Title: The Secret Lives of Dresses
Author: Erin McKean
Publisher: Hodder & Stoughton (Hachette Australia)
Year of Publication: 2011
Page extent: 290
I love vintage clothing. I love most vintage things, but vintage clothing in particular is especially enticing to a female in her twenties. So, when I saw the cover of this book in the local book shop, I had to pick it up and read the blurb on the back. The dress alone on the front cover was enough to convince me to buy the book, but the blurb on the back sounded perfect for our recent beach holiday.
Author Erin McKean runs a popular website called Dress A Day, where she lists vintage patterns she find and the fabrics she uses. There is some gorgeously kitsch stuff on there, and if you're a fan of the fashion from Mad Men, you'll love her site. So it makes sense that she used her love of vintage fashion as the basis for her book, The Secret Lives of Dresses.
Dora is a university student on the brink of graduating and being accepted into graduate school. She works in a coffee shop in her university town and harbors a crush on the manager, a grad student who flirts incessantly with her but takes it no further. Her uniform is jeans, t-shirts and comfortable shoes - a far cry from her grandmother Mimi's vintage clothing boutique. When Mimi suffers a stroke, Dora rushes home to sit at her bedside, but finds herself taking charge of the boutique in Mimi's absence. Having grown up watching Mimi run the shop, and assisting there herself, she's able to run the shop perfectly and keep her mind off Mimi's worsening condition.
As Dora works in the shop, she tries to plan the next stage of her life: graduate school. If she goes to graduate school, she'll have a shot with incompetent Gary, the manager at the cafe she works in, who declared that he doesn't date undergrads. With little else to inspire her, Dora sets her sights on grad school, knowing that if nothing else, she'll be able to go on a date with Gary. Her future has no direction other than to get that far. She has no real career aspirations, and taking over her grandmother's shop gives her time to reassess her life. Returning to her hometown, and to her childhood bedroom with its cupboard full of vintage clothes (that she never wanted to wear), Dora begins to re-evaluate the direction her life is taking.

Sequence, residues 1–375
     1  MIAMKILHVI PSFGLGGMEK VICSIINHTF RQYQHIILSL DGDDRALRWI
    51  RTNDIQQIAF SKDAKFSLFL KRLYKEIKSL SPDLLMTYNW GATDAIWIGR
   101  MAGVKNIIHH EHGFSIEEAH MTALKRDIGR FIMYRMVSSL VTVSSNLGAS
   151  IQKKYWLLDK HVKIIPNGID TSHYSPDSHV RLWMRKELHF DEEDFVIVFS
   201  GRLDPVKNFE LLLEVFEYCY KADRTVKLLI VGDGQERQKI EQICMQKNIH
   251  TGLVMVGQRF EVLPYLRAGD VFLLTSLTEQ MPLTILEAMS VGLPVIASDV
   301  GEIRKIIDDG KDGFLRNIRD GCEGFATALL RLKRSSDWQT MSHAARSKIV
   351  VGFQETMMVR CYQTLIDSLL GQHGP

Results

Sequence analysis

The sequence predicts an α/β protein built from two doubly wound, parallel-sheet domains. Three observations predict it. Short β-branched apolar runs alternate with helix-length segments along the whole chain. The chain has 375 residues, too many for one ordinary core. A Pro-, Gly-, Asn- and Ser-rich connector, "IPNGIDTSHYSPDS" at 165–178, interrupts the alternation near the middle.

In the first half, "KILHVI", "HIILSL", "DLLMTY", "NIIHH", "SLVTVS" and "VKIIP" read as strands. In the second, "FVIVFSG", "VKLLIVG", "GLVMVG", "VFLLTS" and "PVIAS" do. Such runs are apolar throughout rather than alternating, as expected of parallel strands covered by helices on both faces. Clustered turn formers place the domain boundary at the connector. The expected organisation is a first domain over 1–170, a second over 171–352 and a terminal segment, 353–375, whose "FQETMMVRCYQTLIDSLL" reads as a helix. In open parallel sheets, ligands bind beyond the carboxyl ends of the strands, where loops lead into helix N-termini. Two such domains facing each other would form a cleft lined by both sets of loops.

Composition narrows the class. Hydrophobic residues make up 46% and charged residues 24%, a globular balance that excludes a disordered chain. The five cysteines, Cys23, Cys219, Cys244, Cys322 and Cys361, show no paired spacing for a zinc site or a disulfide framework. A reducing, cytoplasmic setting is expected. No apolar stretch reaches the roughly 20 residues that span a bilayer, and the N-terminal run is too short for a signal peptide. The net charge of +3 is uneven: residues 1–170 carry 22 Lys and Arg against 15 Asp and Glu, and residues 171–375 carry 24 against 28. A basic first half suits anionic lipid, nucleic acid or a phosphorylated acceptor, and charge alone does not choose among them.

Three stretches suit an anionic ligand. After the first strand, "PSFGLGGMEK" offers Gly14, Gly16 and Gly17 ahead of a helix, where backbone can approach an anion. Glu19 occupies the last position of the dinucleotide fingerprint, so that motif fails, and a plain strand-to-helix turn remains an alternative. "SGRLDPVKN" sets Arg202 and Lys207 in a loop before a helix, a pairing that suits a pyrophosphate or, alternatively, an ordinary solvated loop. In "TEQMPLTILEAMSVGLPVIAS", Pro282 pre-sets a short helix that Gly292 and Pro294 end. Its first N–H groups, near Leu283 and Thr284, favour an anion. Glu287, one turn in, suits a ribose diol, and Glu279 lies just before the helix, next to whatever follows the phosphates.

As she takes over the shop, and meets Con, the architect working upstairs, Dora slowly begins to appreciate the importance her grandmother placed on the clothes she sold. The discovery one day that some pieces of clothing have a "Secret Life", written by Mimi and given to the purchaser amazed Dora, as Mimi remained tight-lipped about many things in her life. These Secret Lives are little biographies created by Mimi to give the item of clothing a story, a personality that the buyer connects with. With Mimi's friend Gloria and the quirky shop assistant Maux, Dora delves into a life she thought she'd left behind, with surprising results.
McKean writes her female characters well - they feel different to the usual chick-lit stereotypes. At first glance, Dora seems like a fairly bland, directionless student. But as the story progresses and she gets drawn in to Mimi's world, Dora slowly emerges from her shell and begins to figure out what's important. There isn't too much keening for Gary, and the introduction of Con (who I wish we saw more of) doesn't shake Dora to her core. Rather, she takes it in stride, somewhat bemused and entertained by his attention. The kind-hearted Gloria, Mimi's roommate and friend, and tough talking Maux add some nice contrast to Dora's alternating grief-stricken and nostalgic frames of mind throughout the novel. McKean's descriptions of the vintage clothes is so specific and personal it's almost as if a fourth major character has been added to the plot. It's easy to imagine the beautifully tailored suits and stunning retro gowns, and the effect they have on people. And to be honest, it made me want to go out and update my entire wardrobe with vintage clothing.
This book isn't the best book you'll ever read. But you know what? When you do read it, you'll feel like someone wrapped you up in a blanket and gave you some hot chocolate to sip on. It's just so comforting and cute. It moves along at a perfect pace, the characters aren't moronic women who dither over every little decision. And there are some awesome pieces of clothing in there. All in all, it's just a really nice book - so pick it up if you have the chance, especially if you're going on holiday somewhere. It's just that kind of book.
In a word: goodPin It